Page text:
Arsenal’s home match against Wolves on December 28th has been postponed because of the combination of COVID cases and injuries have left Bruno Lage’s side without the minimum 13 outfield players + one keeper available. Wolves had not had any new cases since positive tests forced the postponement of their Boxing Day match against Liverpool, but they do not have enough players out of isolation.
It’s tough to say whether the postponement is a good or a bad thing for Arsenal. Not having to play a rested side (Wolves haven’t played since the 19th) on 48 hours rest is good, especially with Arsenal having no natural right backs available because of COVID cases in the squad (Chambers, Tomiyasu, Maitland-Niles, and Cedric are have all tested positive). That said, Wolves are in middling to poor form and playing an injury-depleted roster and would likely have proven a comfortable three points for the Gunners at the Emirates. Later in the season with January additions, a healthy roster, and potentially in better form, Wolves could prove a more difficult task.
Arsenal are in good form right now, and you’d hope that momentum would carry over into the Wolves match on Tuesday. The Gunners may not be in great form whenever the match ends up rescheduled. Or maybe even with that momentum, a tired and rotated Arsenal squad drops points against Wolves that they’d pick up under better circumstances. It also gives Arsenal time for the COVID-positive players to clear protocol and miss fewer matches in isolation.
At some point, it becomes silly to play the “what if” game. This is the hand the clubs, the Premier League, and the world have been dealt. We’ve all got to do the best we can under tough circumstances.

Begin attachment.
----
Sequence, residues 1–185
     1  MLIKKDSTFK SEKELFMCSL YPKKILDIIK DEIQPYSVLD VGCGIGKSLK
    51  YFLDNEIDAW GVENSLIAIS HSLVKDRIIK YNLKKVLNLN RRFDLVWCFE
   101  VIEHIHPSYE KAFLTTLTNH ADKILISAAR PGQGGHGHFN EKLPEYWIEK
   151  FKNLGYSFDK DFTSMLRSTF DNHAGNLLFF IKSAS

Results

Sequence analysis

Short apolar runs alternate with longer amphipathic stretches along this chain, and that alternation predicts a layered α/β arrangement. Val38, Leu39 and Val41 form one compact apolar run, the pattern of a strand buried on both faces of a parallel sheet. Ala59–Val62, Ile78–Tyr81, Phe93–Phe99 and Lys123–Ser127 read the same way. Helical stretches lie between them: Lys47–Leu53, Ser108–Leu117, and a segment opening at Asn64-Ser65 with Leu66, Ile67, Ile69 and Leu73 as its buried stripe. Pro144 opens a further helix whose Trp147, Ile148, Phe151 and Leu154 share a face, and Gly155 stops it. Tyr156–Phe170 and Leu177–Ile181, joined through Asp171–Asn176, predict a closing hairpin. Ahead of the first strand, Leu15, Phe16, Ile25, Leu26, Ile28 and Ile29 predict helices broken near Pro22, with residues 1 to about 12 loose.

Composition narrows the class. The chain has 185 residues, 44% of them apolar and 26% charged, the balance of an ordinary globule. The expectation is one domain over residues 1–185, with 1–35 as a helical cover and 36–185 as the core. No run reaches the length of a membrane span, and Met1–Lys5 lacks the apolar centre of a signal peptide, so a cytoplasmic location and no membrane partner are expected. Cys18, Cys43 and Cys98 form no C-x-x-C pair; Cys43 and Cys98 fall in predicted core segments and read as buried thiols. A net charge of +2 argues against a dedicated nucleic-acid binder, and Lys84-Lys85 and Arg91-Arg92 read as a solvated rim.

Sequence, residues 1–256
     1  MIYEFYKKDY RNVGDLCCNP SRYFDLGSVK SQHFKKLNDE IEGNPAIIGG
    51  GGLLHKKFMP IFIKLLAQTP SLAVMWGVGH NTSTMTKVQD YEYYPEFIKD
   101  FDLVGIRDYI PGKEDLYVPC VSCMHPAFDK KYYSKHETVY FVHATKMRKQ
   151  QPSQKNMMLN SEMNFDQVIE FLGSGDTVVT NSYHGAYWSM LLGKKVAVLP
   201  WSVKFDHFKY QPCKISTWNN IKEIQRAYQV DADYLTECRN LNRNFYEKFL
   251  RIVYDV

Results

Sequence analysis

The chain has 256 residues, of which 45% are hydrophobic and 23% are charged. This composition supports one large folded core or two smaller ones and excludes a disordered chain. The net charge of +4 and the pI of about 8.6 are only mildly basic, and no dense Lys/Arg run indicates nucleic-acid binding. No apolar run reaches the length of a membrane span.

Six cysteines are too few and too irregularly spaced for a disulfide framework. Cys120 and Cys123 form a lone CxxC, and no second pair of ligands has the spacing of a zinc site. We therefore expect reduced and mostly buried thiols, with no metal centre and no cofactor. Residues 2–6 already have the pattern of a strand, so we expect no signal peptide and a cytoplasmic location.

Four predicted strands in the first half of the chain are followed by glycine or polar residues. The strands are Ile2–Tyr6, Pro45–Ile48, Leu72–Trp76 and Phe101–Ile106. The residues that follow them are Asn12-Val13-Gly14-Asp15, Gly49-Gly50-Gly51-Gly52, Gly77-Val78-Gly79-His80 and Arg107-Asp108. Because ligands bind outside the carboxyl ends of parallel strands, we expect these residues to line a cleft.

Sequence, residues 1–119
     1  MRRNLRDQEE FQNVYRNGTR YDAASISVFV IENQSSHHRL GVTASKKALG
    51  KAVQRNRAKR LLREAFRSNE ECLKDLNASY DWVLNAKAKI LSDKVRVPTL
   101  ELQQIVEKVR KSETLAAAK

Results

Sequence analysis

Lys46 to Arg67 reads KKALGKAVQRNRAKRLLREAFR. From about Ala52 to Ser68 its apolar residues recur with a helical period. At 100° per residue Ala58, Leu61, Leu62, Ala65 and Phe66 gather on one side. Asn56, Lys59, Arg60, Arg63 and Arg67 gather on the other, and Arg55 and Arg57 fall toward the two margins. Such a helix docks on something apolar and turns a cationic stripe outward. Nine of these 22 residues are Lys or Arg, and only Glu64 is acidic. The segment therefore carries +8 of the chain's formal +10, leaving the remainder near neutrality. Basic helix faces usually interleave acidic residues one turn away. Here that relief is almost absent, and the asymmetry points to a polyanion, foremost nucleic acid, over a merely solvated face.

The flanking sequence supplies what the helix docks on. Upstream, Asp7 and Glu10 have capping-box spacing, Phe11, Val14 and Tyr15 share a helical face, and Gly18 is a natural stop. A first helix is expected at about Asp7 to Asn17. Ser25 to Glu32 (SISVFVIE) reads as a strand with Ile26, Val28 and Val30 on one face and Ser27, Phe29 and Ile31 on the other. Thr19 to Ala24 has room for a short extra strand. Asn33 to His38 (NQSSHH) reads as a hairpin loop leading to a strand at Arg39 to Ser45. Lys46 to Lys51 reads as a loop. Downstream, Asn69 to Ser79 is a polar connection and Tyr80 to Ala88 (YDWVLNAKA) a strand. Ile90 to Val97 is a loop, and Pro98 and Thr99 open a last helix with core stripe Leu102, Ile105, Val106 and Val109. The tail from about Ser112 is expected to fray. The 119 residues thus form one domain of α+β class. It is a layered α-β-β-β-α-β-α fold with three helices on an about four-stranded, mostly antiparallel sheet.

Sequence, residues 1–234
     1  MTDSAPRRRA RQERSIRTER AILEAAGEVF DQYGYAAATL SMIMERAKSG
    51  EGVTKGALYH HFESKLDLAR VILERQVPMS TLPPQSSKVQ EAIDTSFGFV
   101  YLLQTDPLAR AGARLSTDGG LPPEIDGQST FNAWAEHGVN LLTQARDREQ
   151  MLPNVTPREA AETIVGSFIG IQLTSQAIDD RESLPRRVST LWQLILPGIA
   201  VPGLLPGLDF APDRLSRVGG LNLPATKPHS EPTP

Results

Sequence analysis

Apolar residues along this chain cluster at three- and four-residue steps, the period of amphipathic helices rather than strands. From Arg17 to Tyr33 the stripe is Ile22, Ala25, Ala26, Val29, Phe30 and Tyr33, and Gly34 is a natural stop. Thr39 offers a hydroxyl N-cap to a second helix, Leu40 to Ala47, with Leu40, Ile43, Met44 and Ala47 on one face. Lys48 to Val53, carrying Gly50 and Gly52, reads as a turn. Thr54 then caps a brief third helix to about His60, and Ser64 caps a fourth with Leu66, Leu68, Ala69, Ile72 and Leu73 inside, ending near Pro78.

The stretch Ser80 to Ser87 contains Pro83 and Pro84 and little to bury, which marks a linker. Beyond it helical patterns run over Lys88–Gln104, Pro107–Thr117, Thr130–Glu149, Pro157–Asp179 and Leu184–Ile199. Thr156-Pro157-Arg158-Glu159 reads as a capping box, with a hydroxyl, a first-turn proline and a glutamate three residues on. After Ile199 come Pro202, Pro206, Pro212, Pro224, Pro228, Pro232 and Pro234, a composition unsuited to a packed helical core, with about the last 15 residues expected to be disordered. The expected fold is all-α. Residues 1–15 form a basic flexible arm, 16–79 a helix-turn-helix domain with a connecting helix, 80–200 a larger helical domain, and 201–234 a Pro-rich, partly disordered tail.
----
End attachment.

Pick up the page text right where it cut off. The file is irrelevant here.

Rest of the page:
The health and safety of the players, which includes containing COVID-19 outbreaks at clubs, is rightly the top priority in the postponements that have hit the Premier League hard. It took the league too long to define and lay out what their rules for postponements would be, but I think they’re trying to do their best and keep players, staff, and fans safe.
Sidenote #1: I don’t think that clubs should be allowed to use players purchased during the January window in rescheduled matches originally set to take place before the transfer period opened. I’d make an exception for when an added player would make the difference between having the requisite number of players to avoid a second postponement, but beyond that, it feels like a fairness issue.
Sidenote #2: I don’t love that the Premier League policy for match postponement accounts for player injuries too. I have no problem with postponing matches if you’ve got a COVID outbreak at the club. But injuries are part of the sport. You don’t always have your first choice XI available. Sometimes you have to play squad players or call up U23s to fill in. Of course, at some number of players out it becomes untenable. The Premier League has decided that point is 13 + 1 players with the call-up standards they’ve set. The rules are the same for everybody, so that’s what the clubs have to deal with.
Sidenote #3: “we care about health and safety” is a bit of a tough sell when you look at the fixture congestion in December, especially during the Christmas period. Forcing players to play three matches in a week or five matches in 15 days or whatever nonsense it is doesn’t read as “I’m concerned about our players,” at least not for me.
As of posting, 15 matches have been delayed since Brighton vs. Tottenham was postponed on December 12th. The Premier League, with its comparatively player vaccination rate, has been affected the most of all the leagues in Europe.
Wolves announced early in the season that their squad and coaching staff are fully vaccinated. For my money, their current outbreak is a strong sign that the Omicron variant is no joke. Wolves’ outbreak is also a reminder to get vaccinated and boosted as soon as you can. There have been no reports of Wolves players suffering serious illness from COVID nor any hospitalizations. The vaccines work. They save lives.